RG Jones sprints into its 90th year, with the Glasgow Indoor Grand Prix at Emirates Arena in Glasgow, celebrating with a host of global stars.
Featuring double Olympic and five-time world champion Mo Farah, Olympic, World, European and Comonwealth long jump champion Greg Rutherford, current European record holder and 200m world champion Dafne Schippers and British’s fastest ever woman Dinna Asher-Smith, this event is considered the best indoor athletics meeting in the world. Mo Farah secured his first victory of this year with the 3000m in seven minutes 39.55secs, ahead of Kenyan Augustine Choge. The longest running sound company in London has been celebrating alongside the team GB victories.
Having been involved in the sporting events sector for a number of years, the company has invested in a wealth of knowledge and expertise; some of the most experienced and renowned specialists working with the very latest in audio technology to bring the highest quality audio to match the stellar cast of superhumans.
Glasgow has a rich heritage, having held the indoor international match for over 25years.
RG Jones Project Engineer Jack Bowcher headed up the team for Glasgow and The Indoor British Championships at EIS Sheffield the following weekend.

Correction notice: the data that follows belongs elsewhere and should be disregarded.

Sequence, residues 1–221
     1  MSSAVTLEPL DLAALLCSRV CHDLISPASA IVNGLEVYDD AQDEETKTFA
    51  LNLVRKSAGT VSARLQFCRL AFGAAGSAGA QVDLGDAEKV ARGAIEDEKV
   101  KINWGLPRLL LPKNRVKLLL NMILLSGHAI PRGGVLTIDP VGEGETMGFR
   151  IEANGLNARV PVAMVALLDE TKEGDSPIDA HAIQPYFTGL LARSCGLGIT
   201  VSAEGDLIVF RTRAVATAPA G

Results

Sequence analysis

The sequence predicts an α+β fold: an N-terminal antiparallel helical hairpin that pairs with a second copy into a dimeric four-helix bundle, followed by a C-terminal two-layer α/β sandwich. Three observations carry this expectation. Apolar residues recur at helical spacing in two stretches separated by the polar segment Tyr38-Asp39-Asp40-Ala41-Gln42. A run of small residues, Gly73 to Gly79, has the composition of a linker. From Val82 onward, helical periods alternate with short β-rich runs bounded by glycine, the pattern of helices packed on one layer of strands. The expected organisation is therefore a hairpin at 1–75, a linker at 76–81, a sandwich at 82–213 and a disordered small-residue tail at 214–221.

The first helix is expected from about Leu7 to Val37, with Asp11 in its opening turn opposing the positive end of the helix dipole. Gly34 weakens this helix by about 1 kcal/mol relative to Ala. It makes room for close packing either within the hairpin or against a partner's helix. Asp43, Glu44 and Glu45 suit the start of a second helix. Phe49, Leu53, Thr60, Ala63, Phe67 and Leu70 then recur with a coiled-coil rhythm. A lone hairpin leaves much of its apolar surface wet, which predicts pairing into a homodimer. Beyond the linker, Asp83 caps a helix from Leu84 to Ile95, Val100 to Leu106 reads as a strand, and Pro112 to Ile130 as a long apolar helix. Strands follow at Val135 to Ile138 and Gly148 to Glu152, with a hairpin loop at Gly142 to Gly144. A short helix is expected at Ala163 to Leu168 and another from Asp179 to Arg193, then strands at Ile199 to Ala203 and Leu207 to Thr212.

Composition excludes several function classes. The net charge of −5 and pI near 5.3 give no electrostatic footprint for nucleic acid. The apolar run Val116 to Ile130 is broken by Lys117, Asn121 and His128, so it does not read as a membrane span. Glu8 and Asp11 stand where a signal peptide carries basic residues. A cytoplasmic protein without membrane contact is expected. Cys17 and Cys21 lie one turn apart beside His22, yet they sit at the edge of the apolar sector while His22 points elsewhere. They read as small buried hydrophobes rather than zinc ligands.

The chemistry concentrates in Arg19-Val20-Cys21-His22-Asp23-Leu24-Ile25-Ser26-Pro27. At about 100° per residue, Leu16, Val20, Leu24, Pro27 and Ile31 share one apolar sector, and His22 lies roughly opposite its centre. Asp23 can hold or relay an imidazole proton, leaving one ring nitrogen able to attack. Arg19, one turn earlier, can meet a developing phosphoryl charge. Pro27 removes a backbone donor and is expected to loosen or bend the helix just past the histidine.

“This is a huge event, and this year the company has invested in new technology incorporating Dante Audio over network protocol" explains Jack "This allowed us flexibility to send and receive audio to various positions within the arena utilising a specification consisting of Lake LM44 processors, Yamaha QL5 consoles combined with Rio Racks and Focusrite RedNet pre-amps. This was joined together using a combination of RG's existing CAT5 and newly purchased Neutrik opticalCON fibre”.
This is the first time RG Jones has provided a complete digital solution for the Athletics. Following years of successful results, this evolved sound solution has now more than proved itself making the audio routing far more efficient between broadcast and event production departments and allowing flexibility for any adjustments in the future.
Next stop Birmingham and then onto the Olympic Stadium … even the Lighting Bolt would struggle to keep up with these (network) speeds. (Okay, cheesy line, but you can't blame us for trying!)